A crash course feud continued that culminated at that year's WrestleMania with Demolition regaining the titles. It was at that card, that Andre The Giant severed ties with Bobby Heenan and made his final face turn.
Bobby would manage through the early nineties when career plaguing neck problems would become too intense night after night, and Heenan would begin his work in the broadcast booth.
Prior to his managerial retirement, "The Brain" would manage one of the all-time greats in that of "Nature Boy" Ric Flair.
Afterwards, in the booth, one of the most entertaining broadcast teams of all-time would emerge, as the late Gorilla Monsoon was teamed with Bobby.
The two hosted the popular WWF predecessor to today's Raw, entittled Prime Time Wrestling.
Heenan even had his own 30 minute talk show like segment for a short while, entittled cleverly "The Bobby Heenan Show", and it was on that show that longtime wrestling fans The Rosetti Sisters and the ultra nerdy Jamison made their biggest marks on the wrestling business.
The segment was shunned by the USA Network, who felt that they were paying for a 2 hour wrestling show, and that was what they should get.
In the mid-90's, Heenan made another change, as he went to Ted Turner's World Championship Wrestling, based in Atlanta, Georgia.
Bobby had been wanting more time to spend with his family, and with the WCW deal, he could work only television tapings, which at that time where once or twice a week or every two weeks at times for WCW.
Heenan was paired with Tony Schavione, most times, as he worked for the company until months before their demise, when he was replaced by the everfat and ignorant, Mark Madden.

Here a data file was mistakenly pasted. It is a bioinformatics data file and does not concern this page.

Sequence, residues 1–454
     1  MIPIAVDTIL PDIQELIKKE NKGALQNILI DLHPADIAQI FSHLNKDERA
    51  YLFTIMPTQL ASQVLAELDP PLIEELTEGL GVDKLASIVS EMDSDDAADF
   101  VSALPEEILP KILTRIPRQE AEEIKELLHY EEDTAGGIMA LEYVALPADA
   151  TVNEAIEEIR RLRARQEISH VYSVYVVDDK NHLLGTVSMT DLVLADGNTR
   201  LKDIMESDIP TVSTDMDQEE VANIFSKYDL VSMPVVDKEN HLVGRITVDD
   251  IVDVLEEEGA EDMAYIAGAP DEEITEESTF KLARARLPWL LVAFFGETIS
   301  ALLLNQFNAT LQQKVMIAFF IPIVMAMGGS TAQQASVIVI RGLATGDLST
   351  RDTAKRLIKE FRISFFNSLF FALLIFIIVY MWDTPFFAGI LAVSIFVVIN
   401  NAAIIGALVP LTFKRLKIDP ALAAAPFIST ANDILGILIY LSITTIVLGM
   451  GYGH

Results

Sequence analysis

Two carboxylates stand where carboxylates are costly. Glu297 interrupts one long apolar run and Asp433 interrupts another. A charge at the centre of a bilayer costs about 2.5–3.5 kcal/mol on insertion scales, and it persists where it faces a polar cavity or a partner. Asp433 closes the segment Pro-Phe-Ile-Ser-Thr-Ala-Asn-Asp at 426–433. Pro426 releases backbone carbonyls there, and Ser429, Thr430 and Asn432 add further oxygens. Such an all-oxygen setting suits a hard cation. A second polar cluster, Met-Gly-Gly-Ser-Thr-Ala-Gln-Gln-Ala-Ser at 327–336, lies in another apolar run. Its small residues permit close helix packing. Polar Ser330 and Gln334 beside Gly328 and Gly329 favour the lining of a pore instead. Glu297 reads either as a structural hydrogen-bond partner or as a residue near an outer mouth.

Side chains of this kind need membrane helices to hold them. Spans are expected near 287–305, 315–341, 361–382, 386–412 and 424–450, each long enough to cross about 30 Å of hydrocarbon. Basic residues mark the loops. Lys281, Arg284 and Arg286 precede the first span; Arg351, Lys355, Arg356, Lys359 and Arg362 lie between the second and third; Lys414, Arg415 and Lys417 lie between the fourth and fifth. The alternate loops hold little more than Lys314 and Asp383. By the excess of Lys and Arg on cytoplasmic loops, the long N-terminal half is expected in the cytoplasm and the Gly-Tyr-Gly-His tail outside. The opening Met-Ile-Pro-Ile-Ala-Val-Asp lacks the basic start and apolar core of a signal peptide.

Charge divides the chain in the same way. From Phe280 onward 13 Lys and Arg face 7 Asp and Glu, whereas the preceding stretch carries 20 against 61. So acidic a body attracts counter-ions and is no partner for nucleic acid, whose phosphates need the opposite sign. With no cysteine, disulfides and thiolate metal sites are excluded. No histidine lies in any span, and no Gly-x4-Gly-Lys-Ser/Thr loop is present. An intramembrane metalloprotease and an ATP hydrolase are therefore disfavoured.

Bobby was not happy with the WCW company structure, and on many occassions, Heenan has described the difference between WCW and WWF so large that WCW was a minor league equivalent to the Titan Sports mothership of the World Wrestling Federation.
Along the way, Bobby pinned his autobiography with Steve Anderson entittled "Bobby The Brain: Wrestling's Bad Boy Tells All."
The book is available via Heenan's personal website at www.bobbythebrain.com .
"The Brain" made a triumphant return to call the WrestleMania Gimmick Battle Royal alongside longtime broadcast collegue, "Mean" Gene Oakerlund.
However, bad news followed, as Bobby was diagnosed with throat cancer.
Heenan battled the crippling and deadly disease, proving to be the true champion that he is, and as of this past week, "The Brain" has announced that he has a clean bill of health, and is working on a second book with his co-writer from his first book, longtime PWI writer and cartoonist, Steve Anderson.
Looks like Bobby has "Weaseled" out of another situation, but this time we can only hope Heenan gets the last laugh.
Two weeks from now: The Manager's Corner will take a look at the life and times of the legendary "Hollywood Fashion Plate", "Classy" Freddie Blassie. It is one you certainly do not want to miss.
by Kenneth Coker..